I was indeed, traveling alone as was my constant habit.  I prevailed on a fellow tourist to take my picture here at the top of a ski lift in Arizona, Just North of Flagstaff.   I believe this is now called “Snowbowl”.  I came here on the Southwest Chief – that’s a train – from Los Angeles which you saw in the previous picture.    You see my attire is not suited to skiing weather.  My, how observant are my intelligent readers!  Yes, I was there in the summer and they operated the ski lift for folks who wanted to go up and look around.  There is a long story involved with getting to this point that will have to wait patiently until I scan the other pictures.


Figure 3:  The Sydney (Australia) Tower 1990.

This requires a regression of some extent.  Long ago in a place we now know as a “poor” neighborhood of Houston, a young boy had an elementary school teacher who was a last-minute substitute, that stayed on for  most of the year (if not all – it  was over half a century ago!)   This lady (whose name – I am sorry to say – I have forgotten) inspired young Steven (for that was my name then when Father “Steve” still walked the Earth) with tales of her homeland – Australia.  She taught us to sing “Waltzing Matilda” and fascinated us with stories of – for example – the place where a person travelling across Australia had to de-train while the cars were lifted up and set on new “bogies” that allowed them to continue on the different rail “gauge” that existed to the West.  She told us of the “Tropical Cyclones” (just like our own Hurricanes – only rotating the other way.*) that broke the wind gauges at 200 miles per hour.  And -yes – Australia was pre-metric in those days.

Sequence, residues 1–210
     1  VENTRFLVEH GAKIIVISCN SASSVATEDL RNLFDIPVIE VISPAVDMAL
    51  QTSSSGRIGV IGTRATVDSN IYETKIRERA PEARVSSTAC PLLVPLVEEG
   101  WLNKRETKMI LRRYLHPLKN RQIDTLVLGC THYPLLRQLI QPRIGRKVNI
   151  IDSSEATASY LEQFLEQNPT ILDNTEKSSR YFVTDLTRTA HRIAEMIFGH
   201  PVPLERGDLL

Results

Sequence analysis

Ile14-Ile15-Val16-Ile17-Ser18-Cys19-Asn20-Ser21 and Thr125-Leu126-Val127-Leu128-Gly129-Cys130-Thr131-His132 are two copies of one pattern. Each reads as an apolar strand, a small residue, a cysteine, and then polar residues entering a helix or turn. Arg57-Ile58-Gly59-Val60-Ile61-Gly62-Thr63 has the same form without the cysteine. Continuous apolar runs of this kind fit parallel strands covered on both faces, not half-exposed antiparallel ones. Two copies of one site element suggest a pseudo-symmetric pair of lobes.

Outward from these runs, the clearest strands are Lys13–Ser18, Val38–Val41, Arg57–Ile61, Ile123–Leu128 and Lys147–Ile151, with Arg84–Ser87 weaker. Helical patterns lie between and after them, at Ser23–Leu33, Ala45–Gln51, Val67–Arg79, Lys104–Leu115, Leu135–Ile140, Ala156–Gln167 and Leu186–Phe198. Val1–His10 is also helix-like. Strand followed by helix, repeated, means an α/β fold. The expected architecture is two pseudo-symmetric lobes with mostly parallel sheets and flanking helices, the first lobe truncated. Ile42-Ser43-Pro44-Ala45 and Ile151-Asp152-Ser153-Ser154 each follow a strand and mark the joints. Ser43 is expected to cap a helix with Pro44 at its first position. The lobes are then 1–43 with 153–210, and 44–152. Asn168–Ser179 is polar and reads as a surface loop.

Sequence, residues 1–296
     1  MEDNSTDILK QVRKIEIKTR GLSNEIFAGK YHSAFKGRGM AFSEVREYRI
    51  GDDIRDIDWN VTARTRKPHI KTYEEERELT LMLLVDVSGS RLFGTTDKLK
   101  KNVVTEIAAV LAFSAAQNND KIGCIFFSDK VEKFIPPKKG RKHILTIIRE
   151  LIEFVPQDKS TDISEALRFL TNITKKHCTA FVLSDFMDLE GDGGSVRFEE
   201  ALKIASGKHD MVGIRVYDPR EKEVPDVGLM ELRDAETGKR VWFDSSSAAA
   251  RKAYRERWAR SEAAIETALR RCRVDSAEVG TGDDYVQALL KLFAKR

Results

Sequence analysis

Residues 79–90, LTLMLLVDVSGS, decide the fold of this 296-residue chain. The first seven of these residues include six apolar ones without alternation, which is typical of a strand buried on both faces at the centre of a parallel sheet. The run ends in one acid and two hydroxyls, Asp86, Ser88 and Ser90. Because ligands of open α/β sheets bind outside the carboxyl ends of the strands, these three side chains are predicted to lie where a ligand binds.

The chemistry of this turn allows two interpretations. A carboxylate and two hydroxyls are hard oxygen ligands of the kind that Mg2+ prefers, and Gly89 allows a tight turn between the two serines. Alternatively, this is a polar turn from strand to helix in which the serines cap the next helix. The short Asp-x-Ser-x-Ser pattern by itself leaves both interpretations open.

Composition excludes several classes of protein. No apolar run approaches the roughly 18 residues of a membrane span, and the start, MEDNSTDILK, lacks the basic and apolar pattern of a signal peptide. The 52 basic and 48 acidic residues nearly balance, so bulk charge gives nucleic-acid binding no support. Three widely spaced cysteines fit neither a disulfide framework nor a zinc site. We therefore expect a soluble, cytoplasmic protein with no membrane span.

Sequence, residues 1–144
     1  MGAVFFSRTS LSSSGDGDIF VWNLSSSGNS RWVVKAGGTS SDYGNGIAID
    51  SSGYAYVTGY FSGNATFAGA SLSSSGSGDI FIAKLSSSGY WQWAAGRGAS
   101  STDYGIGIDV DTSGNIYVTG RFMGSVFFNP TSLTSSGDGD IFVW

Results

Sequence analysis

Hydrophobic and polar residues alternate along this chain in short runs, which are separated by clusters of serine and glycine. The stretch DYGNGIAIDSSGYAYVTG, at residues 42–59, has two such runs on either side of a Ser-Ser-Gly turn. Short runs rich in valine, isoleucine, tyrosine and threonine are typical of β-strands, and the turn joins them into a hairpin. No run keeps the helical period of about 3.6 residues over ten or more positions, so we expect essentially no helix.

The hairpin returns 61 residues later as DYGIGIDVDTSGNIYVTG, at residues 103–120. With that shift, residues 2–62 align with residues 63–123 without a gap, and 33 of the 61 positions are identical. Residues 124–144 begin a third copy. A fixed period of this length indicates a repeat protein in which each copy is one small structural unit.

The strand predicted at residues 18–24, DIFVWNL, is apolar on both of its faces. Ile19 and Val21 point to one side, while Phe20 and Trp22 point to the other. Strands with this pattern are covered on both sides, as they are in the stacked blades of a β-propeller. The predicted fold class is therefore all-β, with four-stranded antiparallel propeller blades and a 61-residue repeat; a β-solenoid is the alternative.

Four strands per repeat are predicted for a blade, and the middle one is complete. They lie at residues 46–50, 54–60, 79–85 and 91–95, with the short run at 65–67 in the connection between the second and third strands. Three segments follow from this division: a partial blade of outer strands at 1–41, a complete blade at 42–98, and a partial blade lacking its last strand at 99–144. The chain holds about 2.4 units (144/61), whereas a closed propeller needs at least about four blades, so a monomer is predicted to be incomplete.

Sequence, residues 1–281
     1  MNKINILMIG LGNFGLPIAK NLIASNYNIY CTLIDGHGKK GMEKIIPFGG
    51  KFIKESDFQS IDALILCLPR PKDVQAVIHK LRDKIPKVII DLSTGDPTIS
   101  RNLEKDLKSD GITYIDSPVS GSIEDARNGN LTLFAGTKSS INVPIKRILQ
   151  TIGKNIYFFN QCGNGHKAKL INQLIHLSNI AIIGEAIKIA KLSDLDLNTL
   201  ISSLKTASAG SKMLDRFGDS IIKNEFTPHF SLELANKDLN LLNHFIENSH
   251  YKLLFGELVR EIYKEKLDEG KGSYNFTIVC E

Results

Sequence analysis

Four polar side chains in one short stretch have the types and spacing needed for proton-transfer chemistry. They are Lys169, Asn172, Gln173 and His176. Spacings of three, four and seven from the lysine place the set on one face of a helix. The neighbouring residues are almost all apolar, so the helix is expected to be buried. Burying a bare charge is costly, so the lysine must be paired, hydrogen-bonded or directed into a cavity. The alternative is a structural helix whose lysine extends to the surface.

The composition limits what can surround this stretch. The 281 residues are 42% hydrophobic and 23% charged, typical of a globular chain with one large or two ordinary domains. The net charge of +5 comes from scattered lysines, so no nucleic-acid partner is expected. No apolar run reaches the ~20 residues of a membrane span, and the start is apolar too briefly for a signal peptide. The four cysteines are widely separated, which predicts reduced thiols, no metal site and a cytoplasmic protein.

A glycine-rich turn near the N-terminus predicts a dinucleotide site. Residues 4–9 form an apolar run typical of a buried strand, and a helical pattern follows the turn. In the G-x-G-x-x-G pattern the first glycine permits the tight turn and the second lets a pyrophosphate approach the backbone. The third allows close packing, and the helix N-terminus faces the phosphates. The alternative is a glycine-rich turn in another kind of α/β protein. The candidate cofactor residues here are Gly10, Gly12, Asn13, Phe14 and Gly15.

So, when Your Humble Narrator was working in South America and could not re-enter the US for tax reasons, he went (alone, again) to fulfill a childhood aspiration to visit Australia – in 1990.

*I can explain that later – when I have scanned the other pictures of “OZ”.

PicoBolivar1990Figure 4:  This is a view from the Highest and Longest Cable Car in the World.

The photo is near the top of the four “assents” of the cable car system that takes the tourist from Merida, Venezuela to the top of “Pico Bolivar” 5007 meters above sea level.  That was the figure on the “standard” tourist map back in 1990.  You may find it quoted as 4,978 meters in the online literature.  That puts it at 16, 332 to 16,427 feet – in either case over THREE miles.  To quote Mr.  Spock: “A difference that makes no difference is no difference.”  However, it is an excellent talking point for responding to Denverites when they try to appear superior by saying they live a pitiful little mile above sea-level.  😉

Actually, the cable car goes to ”Pico Espejo” (Mirror Peak) which is not quite so high.  But you can climb to Pico Bolivar from there and you bet I did.

I was NOT travelling alone, this time. There is another quite complicated story associated with this place – involving newlyweds and a failure of technology that left people stranded upon this mountain.  This too must wait until more shoebox photos are scanned.

I will say that the pictures scanned far better than my expectation.  The exercise was successful.  We are go for launch.

Hasta Luego,